Skip to content

Can social networking improve project management? An exploratory study of UK professional experience

Research output: Chapter in Book/Report/Conference proceedingConference contribution

Communication is the lifeblood of project management, but the increasing geographical dispersion of project teams and stakeholders creates a challenge. Project managers need to exploit a range of tools and methods to communicate effectively with their team, clients and subcontractors. Social networking is ever more widespread, both in the workplace and our personal lives. This paper studies project managers’ use of social networking, in an attempt to determine whether, and if so how, project managers could improve their communications by making effective use of social networking platforms. A literature review identified several potentially useful aspects: user profiles, professional networks, blogs and real time communication. A survey found that 74% (n=150) had already used social networking in the workplace. The most widely used sites were corporate platforms (38%) and LinkedIn (37%). The survey found that the most effective uses for social networking were promoting a project within an organization and for intra-project communication. Interviews suggested that the most useful applications of social networking sites in projects are to improve knowledge management, enable quick communications and to introduce new team members. Face-to-face meetings remain the preferred method of communication where possible. The main limitations are perceived security risks and concerns about time-wasting.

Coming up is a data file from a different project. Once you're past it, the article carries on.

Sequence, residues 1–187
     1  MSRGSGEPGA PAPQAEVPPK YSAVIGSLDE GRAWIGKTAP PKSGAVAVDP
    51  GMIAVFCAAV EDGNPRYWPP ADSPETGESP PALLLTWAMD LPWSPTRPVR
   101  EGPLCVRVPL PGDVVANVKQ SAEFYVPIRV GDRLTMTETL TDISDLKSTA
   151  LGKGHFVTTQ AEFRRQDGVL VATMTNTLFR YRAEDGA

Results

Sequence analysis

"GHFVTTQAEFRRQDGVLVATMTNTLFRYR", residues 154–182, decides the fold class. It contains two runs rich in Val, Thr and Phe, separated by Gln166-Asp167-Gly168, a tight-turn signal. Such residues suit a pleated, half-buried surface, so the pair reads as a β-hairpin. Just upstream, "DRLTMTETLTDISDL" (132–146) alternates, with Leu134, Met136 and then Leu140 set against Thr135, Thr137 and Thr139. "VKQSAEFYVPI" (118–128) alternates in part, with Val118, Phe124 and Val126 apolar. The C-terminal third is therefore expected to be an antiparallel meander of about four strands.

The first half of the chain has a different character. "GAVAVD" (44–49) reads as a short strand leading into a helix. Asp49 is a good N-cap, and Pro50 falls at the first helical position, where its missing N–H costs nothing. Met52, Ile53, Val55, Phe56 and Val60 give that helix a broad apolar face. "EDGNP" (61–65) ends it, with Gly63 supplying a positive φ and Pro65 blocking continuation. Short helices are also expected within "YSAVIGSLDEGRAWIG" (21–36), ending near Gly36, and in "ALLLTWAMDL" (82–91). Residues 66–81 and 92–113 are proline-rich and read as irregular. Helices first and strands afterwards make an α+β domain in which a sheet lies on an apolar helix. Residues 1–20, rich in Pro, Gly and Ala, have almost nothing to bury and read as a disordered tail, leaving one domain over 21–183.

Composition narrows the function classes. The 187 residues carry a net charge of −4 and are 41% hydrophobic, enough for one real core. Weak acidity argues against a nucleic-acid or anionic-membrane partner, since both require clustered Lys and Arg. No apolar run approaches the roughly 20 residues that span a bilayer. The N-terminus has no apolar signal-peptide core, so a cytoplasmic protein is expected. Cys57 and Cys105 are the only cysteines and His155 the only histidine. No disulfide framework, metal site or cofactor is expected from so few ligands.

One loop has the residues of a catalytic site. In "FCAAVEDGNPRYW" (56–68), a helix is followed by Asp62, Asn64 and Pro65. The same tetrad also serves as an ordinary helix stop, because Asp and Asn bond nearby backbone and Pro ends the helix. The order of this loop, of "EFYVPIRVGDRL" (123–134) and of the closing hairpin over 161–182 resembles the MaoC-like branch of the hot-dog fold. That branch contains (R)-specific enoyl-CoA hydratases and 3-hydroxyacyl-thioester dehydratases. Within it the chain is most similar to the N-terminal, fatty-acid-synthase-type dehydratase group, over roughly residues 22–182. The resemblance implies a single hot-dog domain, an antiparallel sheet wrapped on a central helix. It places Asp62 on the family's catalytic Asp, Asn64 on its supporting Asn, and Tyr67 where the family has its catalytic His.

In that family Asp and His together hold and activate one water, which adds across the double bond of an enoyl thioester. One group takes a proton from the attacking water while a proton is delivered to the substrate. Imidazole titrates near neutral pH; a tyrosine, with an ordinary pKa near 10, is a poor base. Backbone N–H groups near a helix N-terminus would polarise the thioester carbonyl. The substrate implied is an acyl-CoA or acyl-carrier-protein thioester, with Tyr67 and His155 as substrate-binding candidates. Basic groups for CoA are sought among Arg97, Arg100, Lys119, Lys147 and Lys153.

Original languageEnglish
Title of host publication2014 International Conference on Information Society (i-Society)
PublisherIEEE
Pages152-156
Number of pages5
ISBN (Electronic)978-1-9083-2038-4
ISBN (Print)978-1-4799-7822-9
DOIs
StatePublished - Mar 2015
Eventi-Society 2014 - London, United Kingdom

Conference

Conferencei-Society 2014
CountryUnited Kingdom
CityLondon
Period10/11/1412/11/14

Documents

  • Furnell & Scott-resubmission

    Rights statement: © © 2015 IEEE. Personal use of this material is permitted. Permission from IEEE must be obtained for all other uses, in any current or future media, including reprinting/republishing this material for advertising or promotional purposes, creating new collective works, for resale or redistribution to servers or lists, or reuse of any copyrighted component of this work in other works.

    Accepted author manuscript (Post-print), 219 KB, PDF-document

    License: Unspecified

Related information

Relations Get citation (various referencing formats)

ID: 7471630